After learning some harsh lessons about the apparel market when athleisure started soaking up sales, the denim industry is on the rise in the United States.
For the year ending in July 2018, the U.S. jeans market produced $16.4 billion in sales—a 5 percent increase year-over-year. Women’s denim was the big winner this year, with a 9 percent increase in sales over the same time frame.
Rather than an exception to the trend toward comfort in apparel, rising denim sales are a reaction to it. Designers have begun incorporating athleisure concepts like softer fabrics and stretchy fits into denim and the results have been positive so far, according to a new report from the NPD Group.
“Jeans have always offered form, fashion, and function but now they are offering the comfort today’s consumers want,” Marshal Cohen, NPD chief industry advisor, said. “It’s a win-win for consumers, jeans manufacturers, and retailers.”
Although the growth can and should be attributed to innovations in style and comfort, sales of both new and classic styles are up. The ever-present skinny jean remains the best-selling style in women’s jeans and saw its share of the market increase by 6 percent to a 40 percent total market share.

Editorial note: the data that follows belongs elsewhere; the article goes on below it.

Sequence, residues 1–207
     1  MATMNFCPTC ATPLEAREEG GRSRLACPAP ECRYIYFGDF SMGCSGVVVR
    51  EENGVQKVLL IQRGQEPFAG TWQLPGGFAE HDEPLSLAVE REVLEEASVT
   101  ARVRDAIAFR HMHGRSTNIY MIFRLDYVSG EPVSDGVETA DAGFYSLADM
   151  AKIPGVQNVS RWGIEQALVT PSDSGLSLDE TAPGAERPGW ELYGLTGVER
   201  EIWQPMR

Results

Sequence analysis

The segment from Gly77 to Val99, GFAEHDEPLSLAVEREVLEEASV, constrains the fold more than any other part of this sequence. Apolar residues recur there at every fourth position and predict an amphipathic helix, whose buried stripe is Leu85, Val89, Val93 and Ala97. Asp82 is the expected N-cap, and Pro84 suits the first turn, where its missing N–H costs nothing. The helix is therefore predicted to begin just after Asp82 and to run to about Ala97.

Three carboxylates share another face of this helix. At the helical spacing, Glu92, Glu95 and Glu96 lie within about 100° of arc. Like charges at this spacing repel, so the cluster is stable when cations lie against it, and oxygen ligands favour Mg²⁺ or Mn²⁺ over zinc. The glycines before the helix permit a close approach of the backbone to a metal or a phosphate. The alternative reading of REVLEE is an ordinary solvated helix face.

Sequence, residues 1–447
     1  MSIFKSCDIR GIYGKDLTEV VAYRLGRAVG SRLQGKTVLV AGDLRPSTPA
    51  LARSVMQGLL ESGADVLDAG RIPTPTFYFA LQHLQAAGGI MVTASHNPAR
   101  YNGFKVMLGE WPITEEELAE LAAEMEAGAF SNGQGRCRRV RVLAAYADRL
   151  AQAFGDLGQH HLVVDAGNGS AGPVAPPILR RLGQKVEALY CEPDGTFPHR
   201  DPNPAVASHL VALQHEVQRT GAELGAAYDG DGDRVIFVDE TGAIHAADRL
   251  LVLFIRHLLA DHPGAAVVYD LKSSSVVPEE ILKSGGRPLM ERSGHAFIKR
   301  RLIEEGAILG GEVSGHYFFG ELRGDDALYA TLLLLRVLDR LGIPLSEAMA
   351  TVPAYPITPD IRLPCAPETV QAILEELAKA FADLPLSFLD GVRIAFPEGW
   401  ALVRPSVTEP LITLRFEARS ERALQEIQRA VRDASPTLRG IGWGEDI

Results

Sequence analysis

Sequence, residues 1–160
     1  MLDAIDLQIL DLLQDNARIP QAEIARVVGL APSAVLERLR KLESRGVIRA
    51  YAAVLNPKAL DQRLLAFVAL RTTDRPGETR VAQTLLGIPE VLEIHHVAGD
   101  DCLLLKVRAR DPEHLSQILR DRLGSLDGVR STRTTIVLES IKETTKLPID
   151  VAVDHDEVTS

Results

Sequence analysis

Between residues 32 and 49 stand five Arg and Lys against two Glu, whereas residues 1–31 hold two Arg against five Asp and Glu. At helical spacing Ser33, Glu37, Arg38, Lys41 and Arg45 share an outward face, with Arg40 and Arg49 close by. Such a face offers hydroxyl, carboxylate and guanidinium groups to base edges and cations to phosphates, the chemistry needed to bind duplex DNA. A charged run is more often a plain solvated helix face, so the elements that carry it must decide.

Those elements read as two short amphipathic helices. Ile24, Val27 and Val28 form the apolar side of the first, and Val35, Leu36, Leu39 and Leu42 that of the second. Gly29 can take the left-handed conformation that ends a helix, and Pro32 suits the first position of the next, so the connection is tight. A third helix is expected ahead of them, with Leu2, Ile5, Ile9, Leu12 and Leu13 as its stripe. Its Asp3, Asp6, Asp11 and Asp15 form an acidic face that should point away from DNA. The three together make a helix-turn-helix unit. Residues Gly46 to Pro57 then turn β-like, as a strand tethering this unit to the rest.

The rising popularity of the skinny jean can likely be explained by the trend towards incorporating athleisure features, like those mentioned above, into the already-popular fit. Brands have introduced new materials that are capable of levels of stretch previously found only in activewear without sacrificing the traditional denim look, according to the NPD report.
Newer styles like the so-called “mom” jeans and trendy features like cropped flares and exaggerated cuffs are popular with teens and young adults.
Women still prefer the experience of trying on jeans in a physical store, with NPD reporting that only one in six purchased a pair of jeans through e-commerce during the period of the study. The report attributes the hesitancy of online consumers to the personal nature of an individual’s blue jean fit and the uncertainty that comes with buying jeans from an unfamiliar source.
“Let’s face it, we all have our favorite pairs of jeans,” Cohen explained. “The well-worn jeans we turn to like an old friend who envelops us with familiarity and relaxation; our work jeans, a step up from our well-worn jeans; and our fancy, special event jeans. Jeans will never go out of style. They are an American classic.”